Mayor Boris Johnson has done his bit to kick-start the capital’s housing market by buying a £2.3 million town house in one of Islington’s most expensive streets - part of a conservation area discreetly tucked away behind Angel Tube station.
- © Johnny Green/PA
The handsome four-storey end-terrace Georgian house backs on to Regent’s Canal and has off-street parking for the Johnson family’s people carrier.
'Islington has seen a return of "sealed-bids" selling as house prices continue to rise'
But if Boris is still keen to cycle to work he won’t want for company: cyclists stream past his front door every weekday morning.
The property marks a step up from the Mayor’s previous London home - a white-stucco Victorian semi off congested Holloway Road - that he sold for £1.1 million. The Mayor managed to buy his new home for £600,000 below the original asking price - an unusually shrewd move for a man who is said to take as much interest in personal property dealings as he does in his famously dishevelled appearance. Perhaps Marina, his barrister wife, closed the successful deal.
Keeping up with the Johnsons
Not only was the deal good but so was the timing. Since purchasing the house in June 2009, the phenomenon of “sealed bidding” has returned for Islington’s most sought-after homes, reports top-end estate agent Hamptons. If the Johnsons were to sell their new home now they would make a decent profit.
However, the presence of London’s top politician in a gentrified, blue-plaque pocket of Islington could be a double-edged sword for his chattering-class neighbours, who include television host Angus Deayton.
While shining the spotlight on the address and beefing up the street’s security - no bad thing for house values - the prospect of hordes of door-stepping reporters and paparazzi may be less welcome, as the Blairs’ move to Bayswater’s Connaught Square has proved.
Whatever happens, the Mayor’s new neighbours are unlikely to be in awe of him. Some complained about a summerhouse. But Toby Watkins, who lives nearby, said: “He has been a conspicuous figure around here for years [his old house was only a few minutes’ bike ride away]. I was playing tennis on the next court to him the other day and he kindly returned our ball on numerous occasions. He’s a good guy but it is no great deal that he has moved here.”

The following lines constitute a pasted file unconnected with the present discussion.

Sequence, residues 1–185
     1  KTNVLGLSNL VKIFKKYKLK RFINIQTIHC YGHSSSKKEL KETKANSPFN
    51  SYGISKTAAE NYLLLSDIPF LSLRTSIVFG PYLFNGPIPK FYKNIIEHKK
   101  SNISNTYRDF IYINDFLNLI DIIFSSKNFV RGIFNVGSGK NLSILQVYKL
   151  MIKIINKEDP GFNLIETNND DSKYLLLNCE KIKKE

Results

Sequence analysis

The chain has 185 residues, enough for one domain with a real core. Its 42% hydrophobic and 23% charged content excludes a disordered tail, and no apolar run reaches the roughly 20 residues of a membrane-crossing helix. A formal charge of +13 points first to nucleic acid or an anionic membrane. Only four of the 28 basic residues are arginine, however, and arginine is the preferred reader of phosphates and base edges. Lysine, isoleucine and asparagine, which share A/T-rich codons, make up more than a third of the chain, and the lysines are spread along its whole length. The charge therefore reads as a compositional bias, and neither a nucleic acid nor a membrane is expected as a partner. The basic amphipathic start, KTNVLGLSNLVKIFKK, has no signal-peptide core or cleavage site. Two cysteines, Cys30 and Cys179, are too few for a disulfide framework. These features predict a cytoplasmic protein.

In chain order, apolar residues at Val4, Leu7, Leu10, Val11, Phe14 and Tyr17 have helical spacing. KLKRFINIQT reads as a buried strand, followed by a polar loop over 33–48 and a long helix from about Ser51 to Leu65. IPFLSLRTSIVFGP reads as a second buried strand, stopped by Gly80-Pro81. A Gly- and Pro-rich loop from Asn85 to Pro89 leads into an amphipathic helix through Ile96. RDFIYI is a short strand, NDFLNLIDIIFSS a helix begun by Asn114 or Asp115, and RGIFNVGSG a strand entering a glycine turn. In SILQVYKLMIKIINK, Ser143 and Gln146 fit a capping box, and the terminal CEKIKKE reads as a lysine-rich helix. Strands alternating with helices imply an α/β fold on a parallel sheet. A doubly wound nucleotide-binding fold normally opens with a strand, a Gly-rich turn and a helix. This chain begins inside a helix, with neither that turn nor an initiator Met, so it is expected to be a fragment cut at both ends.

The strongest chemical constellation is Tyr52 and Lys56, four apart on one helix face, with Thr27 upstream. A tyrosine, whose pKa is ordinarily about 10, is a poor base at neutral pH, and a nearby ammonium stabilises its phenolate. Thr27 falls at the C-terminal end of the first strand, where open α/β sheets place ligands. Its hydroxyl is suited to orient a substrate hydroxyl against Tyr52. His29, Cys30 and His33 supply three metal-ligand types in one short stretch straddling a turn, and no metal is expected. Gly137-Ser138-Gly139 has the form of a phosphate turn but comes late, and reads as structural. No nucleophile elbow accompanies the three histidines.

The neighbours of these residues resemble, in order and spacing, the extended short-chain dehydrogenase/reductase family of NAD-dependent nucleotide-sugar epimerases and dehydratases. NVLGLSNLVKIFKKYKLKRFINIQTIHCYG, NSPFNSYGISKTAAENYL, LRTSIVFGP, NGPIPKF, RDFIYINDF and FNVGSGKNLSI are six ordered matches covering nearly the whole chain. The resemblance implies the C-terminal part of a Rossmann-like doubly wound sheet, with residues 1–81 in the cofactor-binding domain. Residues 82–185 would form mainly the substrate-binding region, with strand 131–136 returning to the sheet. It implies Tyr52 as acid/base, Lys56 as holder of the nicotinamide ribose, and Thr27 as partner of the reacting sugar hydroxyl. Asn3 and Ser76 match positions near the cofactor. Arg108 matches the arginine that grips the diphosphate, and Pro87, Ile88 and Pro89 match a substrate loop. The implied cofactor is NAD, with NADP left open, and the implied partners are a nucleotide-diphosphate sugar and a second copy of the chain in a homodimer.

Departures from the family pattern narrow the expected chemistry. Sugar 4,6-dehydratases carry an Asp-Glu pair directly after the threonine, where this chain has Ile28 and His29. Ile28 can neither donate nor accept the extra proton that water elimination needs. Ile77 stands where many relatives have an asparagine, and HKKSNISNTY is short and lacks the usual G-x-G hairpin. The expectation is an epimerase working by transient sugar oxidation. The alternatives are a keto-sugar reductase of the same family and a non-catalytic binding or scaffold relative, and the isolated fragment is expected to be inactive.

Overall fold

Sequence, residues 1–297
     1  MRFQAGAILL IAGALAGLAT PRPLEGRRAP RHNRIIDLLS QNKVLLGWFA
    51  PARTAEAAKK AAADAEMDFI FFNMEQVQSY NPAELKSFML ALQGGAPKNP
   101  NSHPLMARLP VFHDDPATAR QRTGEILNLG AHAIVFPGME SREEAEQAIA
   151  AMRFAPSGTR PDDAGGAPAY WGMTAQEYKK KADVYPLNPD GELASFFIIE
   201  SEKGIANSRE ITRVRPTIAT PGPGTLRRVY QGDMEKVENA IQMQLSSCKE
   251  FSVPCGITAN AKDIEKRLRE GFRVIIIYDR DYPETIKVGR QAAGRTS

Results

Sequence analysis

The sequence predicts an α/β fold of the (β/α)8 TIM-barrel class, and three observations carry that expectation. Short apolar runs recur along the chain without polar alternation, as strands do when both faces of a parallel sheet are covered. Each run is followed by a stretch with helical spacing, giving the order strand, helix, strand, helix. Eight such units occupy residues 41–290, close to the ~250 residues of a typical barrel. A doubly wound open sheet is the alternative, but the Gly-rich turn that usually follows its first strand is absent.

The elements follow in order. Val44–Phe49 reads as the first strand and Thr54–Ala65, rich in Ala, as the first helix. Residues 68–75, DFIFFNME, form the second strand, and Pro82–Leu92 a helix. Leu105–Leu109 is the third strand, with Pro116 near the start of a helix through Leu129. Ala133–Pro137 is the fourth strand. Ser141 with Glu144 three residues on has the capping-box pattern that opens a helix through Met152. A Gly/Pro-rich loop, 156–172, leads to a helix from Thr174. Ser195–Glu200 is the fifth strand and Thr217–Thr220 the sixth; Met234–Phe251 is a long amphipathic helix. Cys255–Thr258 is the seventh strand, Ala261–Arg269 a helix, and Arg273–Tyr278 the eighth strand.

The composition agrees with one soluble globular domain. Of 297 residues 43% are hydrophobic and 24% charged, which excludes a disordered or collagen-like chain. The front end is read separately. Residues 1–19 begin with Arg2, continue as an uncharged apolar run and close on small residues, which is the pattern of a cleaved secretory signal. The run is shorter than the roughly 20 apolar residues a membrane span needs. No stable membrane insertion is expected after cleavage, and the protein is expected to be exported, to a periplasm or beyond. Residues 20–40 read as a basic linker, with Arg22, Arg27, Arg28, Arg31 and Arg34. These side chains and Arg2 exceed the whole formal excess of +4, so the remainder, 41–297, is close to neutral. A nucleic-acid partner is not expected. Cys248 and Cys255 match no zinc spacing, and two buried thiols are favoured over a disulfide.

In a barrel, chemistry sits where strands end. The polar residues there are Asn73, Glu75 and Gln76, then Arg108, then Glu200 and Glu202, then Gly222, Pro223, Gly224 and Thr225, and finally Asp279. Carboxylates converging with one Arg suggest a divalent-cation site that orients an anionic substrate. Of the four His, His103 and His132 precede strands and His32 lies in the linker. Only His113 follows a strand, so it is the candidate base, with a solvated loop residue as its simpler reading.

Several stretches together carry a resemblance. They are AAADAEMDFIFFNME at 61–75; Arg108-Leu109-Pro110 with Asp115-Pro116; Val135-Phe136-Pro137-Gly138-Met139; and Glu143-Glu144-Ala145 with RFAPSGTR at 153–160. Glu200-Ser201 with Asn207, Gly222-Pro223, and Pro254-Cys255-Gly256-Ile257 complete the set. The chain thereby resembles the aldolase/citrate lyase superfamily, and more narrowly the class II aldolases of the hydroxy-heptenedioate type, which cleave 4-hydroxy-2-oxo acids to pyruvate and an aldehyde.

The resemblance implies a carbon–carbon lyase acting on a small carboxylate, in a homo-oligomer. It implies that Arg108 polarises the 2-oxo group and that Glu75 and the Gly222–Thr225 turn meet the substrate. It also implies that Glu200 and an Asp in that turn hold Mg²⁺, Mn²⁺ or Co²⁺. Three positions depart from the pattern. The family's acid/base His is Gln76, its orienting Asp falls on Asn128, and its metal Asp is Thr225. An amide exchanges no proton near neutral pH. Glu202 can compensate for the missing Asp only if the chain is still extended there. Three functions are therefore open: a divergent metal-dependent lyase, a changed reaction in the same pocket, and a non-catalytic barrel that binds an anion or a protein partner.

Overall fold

House-hunters keen to live close to a political celeb, perhaps hoping some of the glitz will attach to house prices, could buy a new house just along the street. The Colebrooke Collection is a rare scheme of six modern houses built behind classic Georgian façades. Prices from £2.2 million. Call Chesterton Humberts on 020 7288 0330.
Such houses are easier to find in north London where demand is driven by creatives and media types who want the “loft look” - glass and steel finishes and open-plan interiors. Fresh from pledging 50,000 new homes for London before 2011, and launching a new design guide aimed at avoiding cramped “hobbit homes”, Boris Johnson would be pleased with the new builders coming into his area.
And not only Georgian
A crop of fashionable new developments has sprouted in the Islington heartland around Upper Street. Trendy apartments are being built around City Road Basin, part of a regeneration zone where a Little Venice-type community of small businesses and live/workers has formed.